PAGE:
Tendon Corrosion Protection

Tendons must be protected from moisture deterioration, and the design documents should indicate the type of protection required. Tendons in walls with a likelihood of high moisture levels (single wythe exterior walls in areas of high humidity and interior walls around swimming pools, locker rooms, etc.) must have corrosion protection in addition to that provided by the masonry cover, such as hot-dipped galvanizing (ref. 3). In practice, most prestressing tendons are supplied with a hot-dipped galvanized coating. It is considered good practice to use additional corrosion protection, such as flexible epoxy-type coatings, for tendons in moist environments.


While the need for grouting is minimized compared to conventionally reinforced walls, grout is still needed for mild reinforcement, anchorages for the tendons, such as in bond beams, and tendon restraints.

Figure 1—Open -Ended Concrete Masonry Units


Each tendon is anchored at the foundation and extends to the top of the wall. Building Code Requirements for Masonry Structures (ref. 3) requires that tendons be anchored by mechanical embedments or bearing devices or by bond development in concrete. Tendons can not be anchored by bond development into the masonry. The foundation anchorage is embedded in the wall or footing while the top anchorage utilizes a special block, a precast concrete spreader beam or a grouted bond beam.

Unless the design documents call out specific bottom anchors, the contractor must select the anchor appropriate to the conditions. The cast-in-place bottom anchor (Figure 2a) is preferred for shear walls and for fire walls. While they are the best anchors for capacity, cast-in-place anchors are the most difficult to align. Cast-in-place anchors are often set by the foundation contractor, not the mason. Thus, quality control is a concern with these anchors.

The mason controls bottom anchor placement when either adhesive anchors are installed in the foundation (Figure 2c), or when an anchor is used which does not rely on the foundation for support (Figure 2b). If the anchor in Figure 2b is used, foundation dowels are grouted into the wall to lock it in place. In some instances, tendons can also begin at an upper floor and not at the foundation. In this case, the foundationless anchor is used with a bond beam, similar to Figure 2b.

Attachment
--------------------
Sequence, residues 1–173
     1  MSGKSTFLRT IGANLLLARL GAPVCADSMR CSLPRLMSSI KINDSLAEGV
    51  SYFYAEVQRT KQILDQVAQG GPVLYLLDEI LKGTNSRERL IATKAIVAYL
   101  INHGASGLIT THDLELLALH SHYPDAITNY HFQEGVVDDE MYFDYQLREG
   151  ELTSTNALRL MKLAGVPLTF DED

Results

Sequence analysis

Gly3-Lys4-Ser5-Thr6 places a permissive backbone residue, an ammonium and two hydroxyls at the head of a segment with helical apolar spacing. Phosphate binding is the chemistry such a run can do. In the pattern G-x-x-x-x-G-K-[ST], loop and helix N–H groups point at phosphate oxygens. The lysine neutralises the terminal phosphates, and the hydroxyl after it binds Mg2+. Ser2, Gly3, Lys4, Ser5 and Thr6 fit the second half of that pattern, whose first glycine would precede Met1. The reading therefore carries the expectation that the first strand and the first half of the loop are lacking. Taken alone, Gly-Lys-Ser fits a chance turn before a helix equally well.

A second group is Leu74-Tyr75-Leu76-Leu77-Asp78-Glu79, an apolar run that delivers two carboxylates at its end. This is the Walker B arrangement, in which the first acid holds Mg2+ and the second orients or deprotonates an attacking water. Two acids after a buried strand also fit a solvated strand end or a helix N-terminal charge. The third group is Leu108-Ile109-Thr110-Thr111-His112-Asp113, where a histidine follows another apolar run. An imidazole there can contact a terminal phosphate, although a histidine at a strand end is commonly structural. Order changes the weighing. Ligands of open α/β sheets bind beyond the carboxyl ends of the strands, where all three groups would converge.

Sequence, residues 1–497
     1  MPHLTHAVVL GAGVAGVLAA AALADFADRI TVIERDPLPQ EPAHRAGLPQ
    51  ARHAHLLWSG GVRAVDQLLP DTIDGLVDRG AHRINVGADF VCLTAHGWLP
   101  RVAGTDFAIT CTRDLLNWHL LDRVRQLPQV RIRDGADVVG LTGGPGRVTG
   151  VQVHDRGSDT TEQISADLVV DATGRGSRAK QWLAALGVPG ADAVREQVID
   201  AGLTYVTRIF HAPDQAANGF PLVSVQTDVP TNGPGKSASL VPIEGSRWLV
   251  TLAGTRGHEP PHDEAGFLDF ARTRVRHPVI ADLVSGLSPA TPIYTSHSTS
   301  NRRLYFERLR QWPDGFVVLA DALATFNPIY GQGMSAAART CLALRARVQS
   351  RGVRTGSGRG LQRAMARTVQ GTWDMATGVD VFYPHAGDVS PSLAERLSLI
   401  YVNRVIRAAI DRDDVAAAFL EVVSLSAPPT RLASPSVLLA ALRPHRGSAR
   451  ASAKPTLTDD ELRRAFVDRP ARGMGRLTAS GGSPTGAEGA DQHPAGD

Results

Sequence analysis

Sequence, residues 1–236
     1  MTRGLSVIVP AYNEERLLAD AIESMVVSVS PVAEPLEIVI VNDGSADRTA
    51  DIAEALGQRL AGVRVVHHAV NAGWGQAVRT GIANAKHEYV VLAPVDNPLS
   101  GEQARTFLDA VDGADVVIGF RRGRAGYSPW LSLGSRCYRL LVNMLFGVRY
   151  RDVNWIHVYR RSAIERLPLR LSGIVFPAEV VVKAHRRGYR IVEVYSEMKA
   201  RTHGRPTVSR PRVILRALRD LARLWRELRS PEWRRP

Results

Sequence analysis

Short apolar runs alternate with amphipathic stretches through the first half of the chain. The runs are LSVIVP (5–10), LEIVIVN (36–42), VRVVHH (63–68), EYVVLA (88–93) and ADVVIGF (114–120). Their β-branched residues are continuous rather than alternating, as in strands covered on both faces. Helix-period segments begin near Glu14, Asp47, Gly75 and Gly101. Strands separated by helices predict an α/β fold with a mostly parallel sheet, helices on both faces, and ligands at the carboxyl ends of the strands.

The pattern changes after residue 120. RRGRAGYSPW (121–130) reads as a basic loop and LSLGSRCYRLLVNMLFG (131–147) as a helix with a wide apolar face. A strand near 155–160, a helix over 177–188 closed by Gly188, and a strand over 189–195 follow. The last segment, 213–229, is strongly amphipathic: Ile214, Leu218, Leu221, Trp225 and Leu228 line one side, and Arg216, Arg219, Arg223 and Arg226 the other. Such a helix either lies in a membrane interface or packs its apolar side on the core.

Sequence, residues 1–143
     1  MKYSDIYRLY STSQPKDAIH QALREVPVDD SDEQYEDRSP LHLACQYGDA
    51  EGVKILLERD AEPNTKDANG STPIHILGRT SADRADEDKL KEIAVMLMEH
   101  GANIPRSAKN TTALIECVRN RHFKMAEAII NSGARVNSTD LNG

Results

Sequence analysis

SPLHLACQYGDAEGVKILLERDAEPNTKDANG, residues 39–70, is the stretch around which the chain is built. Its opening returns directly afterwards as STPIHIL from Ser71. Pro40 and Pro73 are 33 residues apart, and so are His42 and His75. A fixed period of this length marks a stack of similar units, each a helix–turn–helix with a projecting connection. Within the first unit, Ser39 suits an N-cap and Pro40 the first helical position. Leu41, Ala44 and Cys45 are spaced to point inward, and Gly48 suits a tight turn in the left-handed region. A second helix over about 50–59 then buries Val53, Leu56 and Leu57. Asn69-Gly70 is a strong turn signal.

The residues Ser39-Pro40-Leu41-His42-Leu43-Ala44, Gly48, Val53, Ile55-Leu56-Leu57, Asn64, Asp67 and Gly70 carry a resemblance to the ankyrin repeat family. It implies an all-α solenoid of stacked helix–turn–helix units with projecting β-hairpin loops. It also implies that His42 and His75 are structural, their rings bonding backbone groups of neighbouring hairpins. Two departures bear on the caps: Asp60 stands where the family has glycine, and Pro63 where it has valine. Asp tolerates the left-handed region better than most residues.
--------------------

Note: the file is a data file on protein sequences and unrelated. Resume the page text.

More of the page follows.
The mechanical post-installed anchors can be used for nearly all applications, while the adhesive type should not be used for fire walls.

Figure 2—Bottom Anchors for Use in Post-Tensioned Masonry


Key steps of post-tensioning concrete masonry walls include: selecting and setting the bottom anchorages; installing the tendons; selecting and setting the top anchorages; and tensioning the tendons.

Bottom Anchors

Bottom anchors are most critical to the proper construction of post-tensioned walls. Alignment is essential to ensure that the tendons are placed exactly as intended.


Tendons are usually placed concentric with the wall. However, they may be placed off-center to counteract bending moments due to eccentric vertical forces or lateral forces from a single direction. However, tendons should not be placed such that tensile stresses develop in the wall due to the combination of prestressing force and dead load.

Laterally-unrestrained tendons are free to move within the cell or cavity and are the simplest to construct. Laterally restrained tendons are not free to move within a cell or cavity. Restraint is accomplished by grouting the full height of the tendon or by providing intermittent restraints—either grout plugs or mechanical restraints—at the quarter points of the wall height.

Placing tendons is much like that of mild reinforcement. They may be installed after the masonry is constructed provided the design allows laterally-unrestrained tendons. If laterally-restrained tendons are required, the tendon placement should proceed simultaneously with the masonry to allow the restraints to be installed unless the cells will be grouted.

Tendon positioners (see Figure 3) are useful to maintain the tendon location within the wall during construction of the masonry. Positioners may also function as restraints if their capacity is determined by testing.

In all details, the tendons must be able to slip freely. If grout encases the tendon either totally or at restraints or bond beams, a bond breaker such as poly tape should be used to allow the tendon to slip.